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Thread: Bugs indoors! HELP! *pictures*

  1. #1
    Join Date
    Mar 2007
    Posts
    3

    Angry Bugs indoors! HELP! *pictures*


    My pepper plant was doing well, developing some good leaves, but then it seems just like it stopped growing. Nutrient & PH levels were good, then today I'm inspecting it and notice that the underside of one of the leaves is COVERED with what I believe are white flies. Many of the other leaves had bugs on them as well. (I've never had a problem with these before)

    They are ONLY on the pepper plant. I'm also growing basil, rosemary, parsley, and inspected all of them today but didn't find any of the bugs on them.

    My "greenhouse" is indoors, so that will limit me somewhat. I am also using PureBlend Pro organic nutrients. The pepper plant is in a General Hydro Waterfarm by itself with its own nutrients, so if there is an additive that's compatible with my nutrients that would correct the problem, that might work.

    Any help with identification & solutions would be GREATLY APPRECIATED!. I'm planning to pick up some yellow sticky traps tomorrow and see if that does anything.


  2. #2
    twinturboguy Guest

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    They look like spider mites which are a very common plant pest. If you leave them on any longer, your plant will have stagnant growth or die. It might have been possible for them to come indoors through contaminated clothing, and shoes from outside, or nearby open windows.

    They do have a few pesticides for them at your local garden center but I would not recommend them for vegetable plants. I suggest on using organic oils to spray on your plant. You might be able to purchase these oils at the store but if you do a little more research, you can find recipes to make your very own potent spray made from baking soda or vinegar.

  3. #3
    Unregistered Guest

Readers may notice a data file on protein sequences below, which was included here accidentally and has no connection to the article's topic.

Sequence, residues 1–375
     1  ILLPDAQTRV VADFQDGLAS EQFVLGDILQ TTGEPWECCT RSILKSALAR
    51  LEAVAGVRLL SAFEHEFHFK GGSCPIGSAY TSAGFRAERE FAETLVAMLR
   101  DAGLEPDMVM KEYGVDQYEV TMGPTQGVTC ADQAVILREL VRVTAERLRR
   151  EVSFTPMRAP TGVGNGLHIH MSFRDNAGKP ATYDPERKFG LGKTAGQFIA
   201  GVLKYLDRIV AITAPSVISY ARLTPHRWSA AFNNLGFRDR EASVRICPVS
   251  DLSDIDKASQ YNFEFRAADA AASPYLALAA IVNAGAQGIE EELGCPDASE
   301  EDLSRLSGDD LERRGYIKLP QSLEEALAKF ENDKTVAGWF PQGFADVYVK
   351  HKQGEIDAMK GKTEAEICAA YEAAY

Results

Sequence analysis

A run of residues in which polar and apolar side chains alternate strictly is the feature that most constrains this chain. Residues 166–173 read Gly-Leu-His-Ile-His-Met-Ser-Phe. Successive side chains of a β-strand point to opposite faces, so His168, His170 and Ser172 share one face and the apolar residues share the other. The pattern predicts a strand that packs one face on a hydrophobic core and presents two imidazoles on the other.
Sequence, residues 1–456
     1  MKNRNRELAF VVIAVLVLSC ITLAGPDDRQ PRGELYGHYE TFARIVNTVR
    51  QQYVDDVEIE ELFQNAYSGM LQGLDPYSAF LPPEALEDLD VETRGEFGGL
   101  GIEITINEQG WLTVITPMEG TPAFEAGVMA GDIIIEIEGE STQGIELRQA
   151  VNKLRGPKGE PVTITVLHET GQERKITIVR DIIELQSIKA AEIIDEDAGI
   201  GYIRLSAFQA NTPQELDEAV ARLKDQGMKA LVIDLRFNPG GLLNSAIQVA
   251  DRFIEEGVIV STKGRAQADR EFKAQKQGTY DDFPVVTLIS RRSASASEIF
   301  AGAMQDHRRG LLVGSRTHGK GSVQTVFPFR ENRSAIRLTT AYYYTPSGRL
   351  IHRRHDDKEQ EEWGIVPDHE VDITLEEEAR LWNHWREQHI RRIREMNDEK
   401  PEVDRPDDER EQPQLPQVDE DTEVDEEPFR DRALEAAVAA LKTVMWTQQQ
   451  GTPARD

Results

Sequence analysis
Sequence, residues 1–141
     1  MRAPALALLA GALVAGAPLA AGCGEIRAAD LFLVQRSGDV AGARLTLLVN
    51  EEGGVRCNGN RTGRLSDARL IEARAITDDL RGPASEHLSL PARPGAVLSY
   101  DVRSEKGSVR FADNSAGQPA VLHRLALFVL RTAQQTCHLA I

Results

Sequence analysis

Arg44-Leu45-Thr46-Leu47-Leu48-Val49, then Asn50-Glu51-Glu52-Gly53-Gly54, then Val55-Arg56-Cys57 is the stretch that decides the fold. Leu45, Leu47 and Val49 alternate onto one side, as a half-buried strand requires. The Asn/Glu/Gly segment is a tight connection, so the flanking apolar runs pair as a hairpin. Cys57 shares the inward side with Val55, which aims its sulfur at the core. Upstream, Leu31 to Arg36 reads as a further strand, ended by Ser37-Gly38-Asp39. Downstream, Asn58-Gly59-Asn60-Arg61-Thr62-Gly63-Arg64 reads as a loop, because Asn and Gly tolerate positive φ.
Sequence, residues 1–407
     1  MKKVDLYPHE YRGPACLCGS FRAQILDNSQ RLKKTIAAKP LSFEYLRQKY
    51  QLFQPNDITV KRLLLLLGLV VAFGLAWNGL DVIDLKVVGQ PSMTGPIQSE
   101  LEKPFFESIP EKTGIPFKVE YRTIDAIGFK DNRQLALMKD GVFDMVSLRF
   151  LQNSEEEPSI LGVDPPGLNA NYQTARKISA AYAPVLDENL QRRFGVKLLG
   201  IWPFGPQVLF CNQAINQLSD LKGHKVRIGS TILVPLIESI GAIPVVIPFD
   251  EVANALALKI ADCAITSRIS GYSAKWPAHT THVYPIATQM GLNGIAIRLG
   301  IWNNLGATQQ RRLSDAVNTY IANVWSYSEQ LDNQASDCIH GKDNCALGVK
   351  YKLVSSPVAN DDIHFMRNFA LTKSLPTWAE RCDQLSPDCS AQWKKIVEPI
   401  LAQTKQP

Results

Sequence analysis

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    They do look like whitefly pic on wiki...

    Most hydro supply shops/sites sell yellow sticky traps that will control whitefly population.

    good luck

    CS

  4. #4
    Join Date
    May 2006
    Location
    Los Angeles, CA
    Posts
    280

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    What you have is an aphid infestation. If they aren't on your basil yet, they will be soon.

    You have a few options for treatment. The fastest and easiest way to treat them would be with Bayer Tree & Shrub, but only if you are still several weeks away from harvest.

    Another option would be beneficial insects. There are a few to choose from, including green lacewings and ladybugs, although these are more expensive.

    You can also use any pyrethrin-based or soap product (there are several to choose from on our website) or neem oil. If you use neem oil or any other concentrated pest control product that is applied to the plant using a spray bottle, I would highly recommend the use of a wetting agent, such as Coco Wet or Penetrator.

    There are other options as well, but this should be a good start.
    David G.
    BGH Forum Moderator
    www.bghydro.com

  5. #5
    Join Date
    Mar 2007
    Posts
    3

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    I'll probably shy away from the predator insects for now since it's in the house.

    I've gotten rid of that pepper plant, and some of the bugs have moved to my parsley...so far they've stayed away from basil, rosemary, and mint.

    I'm going to pick up some "Don't bug me" tonight to try, since I routinely harvest those herbs, it sounds like the Bayer won't be an option for them, though I may give it a try on the next pepper plant (since it has it's own separate nute solution).

  6. #6
    Join Date
    Jun 2009
    Posts
    2

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    Predators consume other insects, whereas parasites lay eggs on or inside other insects. When the larvae emerge, they feed in or on their hosts, destroying them in the process. Since insects are the most successful living organisms on Earth, it makes good sense to take advantage of these relationships by pitting one against another, maintaining a reasonable balance. A healthy garden will host a variety of insects that fall into both the pest and beneficial categories. Some will even turn up in both, depending on their life cycle stage and available food. In general, the leaves of a healthy plant should be a uniform colour – unless it is a variegated form, of course – free of any blotches, mottling or obvious signs of damage. Controlling plant pests in the garden has always been a struggle because there is no suitable organic chemical to treat them. I find that hoeing between plants regularly reduces soil pests by bringing them to the surface, where birds can find them easier. You can try to seek answers on this site: link removed, they might help you of what to do and what solution you may use to get rid of the pest but take care of the plant.
    Last edited by Henry S; 08-06-2009 at 11:09 AM. Reason: link removed. spam.

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